"Left," she told us, "it looks less used."
Yesterday we dropped our anchor in Matapu Bay in Efate's Port Havannah. We had planned to leave this quite anchorage this morning and head north--sailing past volcanoes and reefs. But the promise of 25 knots and steep seas on the beam kept us anchored.
Anyway-we had a mystery to solve. During WWII the US warships assembled here before the battle of the Coral Sea. They took on water from something called the 'American Pool' which according to our cruising notes is located somewhere on shore, and inland from it are the ruins of a US base.
Our first dingy stop was an old coral pier with a wrecked cruising boat nearby--but inland of the pier was only dense jungle. Our next stop was a beach beside a deep creek-the American Pool? From there we followed a rough track up over the main road and further into the jungle-where big cement foundations seemed to indicate the base's location.
With the mystery, and a bit of history, seemingly sorted out we kept wandering up the track, occasionally stopping and choosing whether to go left or right when we hit an intersection. As we walked through waist high grass the jungle thickened blocking out the light, the birds grew noisy, and Banyon trees bigger than buildings punctuated the green, here and there the landscape opened up and small garden plots let us know why the track existed.
We contemplated turning back at the last intersection (this is really an excessive description for the point where two dirt trails meet…) but the sound of chickens kept us delving deeper. And finally after passing several goats and a cow we met two women, Martha and Rebecca who were collecting coconuts for their pigs. We tried out our fledgling Bislama on them and they led us further into Canaan, their village of a church and five thatched houses. We were shown around, introduced to all the pigs, and met everyone in the village. Then each lady gave us something from her garden-Maia earmarked the pumpkin for a certain upcoming holiday. Then Elsie (Rebecca's daughter) and a couple of the kids walked us down another road-showing us the creek where they bathe and get their water, the mountains and an extinct volcano in the distance, and the various types of plants they grow before leading us back to our boat.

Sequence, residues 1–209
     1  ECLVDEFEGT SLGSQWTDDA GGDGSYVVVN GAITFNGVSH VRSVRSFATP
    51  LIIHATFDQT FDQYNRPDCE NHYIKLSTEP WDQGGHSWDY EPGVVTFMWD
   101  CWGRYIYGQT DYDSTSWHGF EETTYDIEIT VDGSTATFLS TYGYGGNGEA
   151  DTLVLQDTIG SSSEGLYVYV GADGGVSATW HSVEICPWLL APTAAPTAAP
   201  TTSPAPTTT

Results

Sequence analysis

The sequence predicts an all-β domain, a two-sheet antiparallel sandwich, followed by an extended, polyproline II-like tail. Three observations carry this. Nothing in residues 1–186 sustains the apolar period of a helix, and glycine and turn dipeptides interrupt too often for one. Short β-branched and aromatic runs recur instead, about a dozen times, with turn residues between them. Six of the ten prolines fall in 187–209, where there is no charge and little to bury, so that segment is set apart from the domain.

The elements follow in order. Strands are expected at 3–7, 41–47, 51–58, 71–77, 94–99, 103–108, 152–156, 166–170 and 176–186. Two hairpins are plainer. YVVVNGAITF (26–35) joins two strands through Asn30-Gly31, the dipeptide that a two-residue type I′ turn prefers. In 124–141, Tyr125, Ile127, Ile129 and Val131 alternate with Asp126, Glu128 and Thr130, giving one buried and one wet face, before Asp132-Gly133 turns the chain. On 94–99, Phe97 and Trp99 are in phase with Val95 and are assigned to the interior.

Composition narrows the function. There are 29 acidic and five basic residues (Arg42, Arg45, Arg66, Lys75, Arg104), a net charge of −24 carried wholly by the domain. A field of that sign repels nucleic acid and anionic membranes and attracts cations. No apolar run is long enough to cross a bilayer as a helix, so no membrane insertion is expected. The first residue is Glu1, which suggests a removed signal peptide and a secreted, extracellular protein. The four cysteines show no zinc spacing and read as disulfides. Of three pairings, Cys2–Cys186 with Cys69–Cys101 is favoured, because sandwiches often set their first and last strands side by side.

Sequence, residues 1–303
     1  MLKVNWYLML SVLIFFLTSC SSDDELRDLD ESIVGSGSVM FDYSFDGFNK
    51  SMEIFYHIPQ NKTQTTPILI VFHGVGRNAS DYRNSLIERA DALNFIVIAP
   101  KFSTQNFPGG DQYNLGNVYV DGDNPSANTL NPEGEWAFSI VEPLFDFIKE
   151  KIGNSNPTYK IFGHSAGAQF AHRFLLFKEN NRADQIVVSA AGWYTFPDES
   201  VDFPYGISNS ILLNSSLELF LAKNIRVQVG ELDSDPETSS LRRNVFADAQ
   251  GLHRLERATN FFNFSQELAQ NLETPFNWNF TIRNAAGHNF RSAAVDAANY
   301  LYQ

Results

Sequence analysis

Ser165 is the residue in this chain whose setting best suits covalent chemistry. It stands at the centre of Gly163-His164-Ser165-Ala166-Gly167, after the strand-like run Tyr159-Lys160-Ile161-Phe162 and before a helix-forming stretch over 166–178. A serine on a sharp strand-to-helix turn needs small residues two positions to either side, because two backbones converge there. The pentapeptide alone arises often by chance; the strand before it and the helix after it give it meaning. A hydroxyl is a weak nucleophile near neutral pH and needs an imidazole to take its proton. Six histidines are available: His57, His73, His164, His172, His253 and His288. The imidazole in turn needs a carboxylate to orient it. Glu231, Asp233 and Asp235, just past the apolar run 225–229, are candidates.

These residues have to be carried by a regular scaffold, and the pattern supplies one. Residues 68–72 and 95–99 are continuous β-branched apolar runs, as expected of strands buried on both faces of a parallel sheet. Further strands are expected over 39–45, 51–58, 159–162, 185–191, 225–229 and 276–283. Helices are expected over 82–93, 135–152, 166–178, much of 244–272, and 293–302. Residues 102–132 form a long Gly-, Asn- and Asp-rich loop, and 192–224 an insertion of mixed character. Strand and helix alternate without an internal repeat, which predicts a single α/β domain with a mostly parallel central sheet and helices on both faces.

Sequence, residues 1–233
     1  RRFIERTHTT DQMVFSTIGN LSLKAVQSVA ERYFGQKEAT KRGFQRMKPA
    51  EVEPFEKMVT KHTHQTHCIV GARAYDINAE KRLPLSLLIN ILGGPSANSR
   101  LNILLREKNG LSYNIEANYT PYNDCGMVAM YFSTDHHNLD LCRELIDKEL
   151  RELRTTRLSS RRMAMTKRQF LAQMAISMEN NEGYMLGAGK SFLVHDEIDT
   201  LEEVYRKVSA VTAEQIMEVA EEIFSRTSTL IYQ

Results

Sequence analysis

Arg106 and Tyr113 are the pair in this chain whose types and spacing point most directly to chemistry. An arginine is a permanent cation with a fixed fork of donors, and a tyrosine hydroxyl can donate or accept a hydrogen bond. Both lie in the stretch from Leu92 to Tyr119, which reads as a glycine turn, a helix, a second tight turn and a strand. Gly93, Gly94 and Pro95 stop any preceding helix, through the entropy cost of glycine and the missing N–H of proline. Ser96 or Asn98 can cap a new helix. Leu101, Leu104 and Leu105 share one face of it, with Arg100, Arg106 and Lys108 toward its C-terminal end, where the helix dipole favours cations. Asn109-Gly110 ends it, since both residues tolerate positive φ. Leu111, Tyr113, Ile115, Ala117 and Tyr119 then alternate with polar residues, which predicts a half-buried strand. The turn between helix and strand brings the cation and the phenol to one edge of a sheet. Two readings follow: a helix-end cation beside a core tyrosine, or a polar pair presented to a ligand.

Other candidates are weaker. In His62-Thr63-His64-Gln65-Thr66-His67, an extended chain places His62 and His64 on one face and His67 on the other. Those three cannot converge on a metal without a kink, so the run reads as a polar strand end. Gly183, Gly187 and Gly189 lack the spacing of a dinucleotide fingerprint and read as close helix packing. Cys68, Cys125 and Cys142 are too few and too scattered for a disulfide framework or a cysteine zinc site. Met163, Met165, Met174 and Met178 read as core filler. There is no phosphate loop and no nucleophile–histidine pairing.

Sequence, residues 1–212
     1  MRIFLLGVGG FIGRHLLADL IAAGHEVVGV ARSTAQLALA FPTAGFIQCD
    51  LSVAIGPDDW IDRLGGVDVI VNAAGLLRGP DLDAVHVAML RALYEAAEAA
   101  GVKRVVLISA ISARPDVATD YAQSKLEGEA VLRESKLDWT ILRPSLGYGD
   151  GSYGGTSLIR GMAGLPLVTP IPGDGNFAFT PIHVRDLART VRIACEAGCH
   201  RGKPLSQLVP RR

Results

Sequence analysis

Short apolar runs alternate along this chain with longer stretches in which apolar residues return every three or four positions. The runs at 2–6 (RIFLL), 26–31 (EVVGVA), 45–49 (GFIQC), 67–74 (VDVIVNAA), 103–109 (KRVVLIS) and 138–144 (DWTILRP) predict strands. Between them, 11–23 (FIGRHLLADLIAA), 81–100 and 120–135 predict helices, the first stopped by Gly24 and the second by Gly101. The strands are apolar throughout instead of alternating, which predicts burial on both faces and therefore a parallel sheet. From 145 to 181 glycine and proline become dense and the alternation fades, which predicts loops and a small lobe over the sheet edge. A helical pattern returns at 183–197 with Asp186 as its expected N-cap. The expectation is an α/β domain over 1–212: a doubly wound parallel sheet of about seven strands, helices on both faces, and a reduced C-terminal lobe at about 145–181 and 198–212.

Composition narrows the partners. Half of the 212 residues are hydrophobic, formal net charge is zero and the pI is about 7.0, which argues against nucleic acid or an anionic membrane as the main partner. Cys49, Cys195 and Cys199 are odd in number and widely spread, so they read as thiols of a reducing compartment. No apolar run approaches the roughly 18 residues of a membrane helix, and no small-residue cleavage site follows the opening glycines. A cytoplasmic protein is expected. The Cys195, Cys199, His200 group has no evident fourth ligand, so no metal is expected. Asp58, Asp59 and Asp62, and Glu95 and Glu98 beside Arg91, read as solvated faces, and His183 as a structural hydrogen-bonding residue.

Along the way Maia and the kids giggled and played and Elsie told me a little about her life: simple and quiet and better than being in Vila, where you need money to get by. Her main language is Monono and when her little daughter turns five she'll head to the main Monono village and live with her grandparents so she can learn her own language.
There are a dozen more anchorages like this in Port Havannah. But this is the only one we'll see before we hurry north toward Santos. Because in a country of 83 islands (and some 120 languages) there are there are enough stops in Vanuatu to keep us busy for months.
Vanuatu is the country least cruised in the South Pacific. Boats arrive here either eager to get home (if they're Australian)-or out of time (if they're everyone else). But we've decided that despite the lateness of the season we're going to head off to the islands least travelled for a few days more.
Because today it made all the difference.
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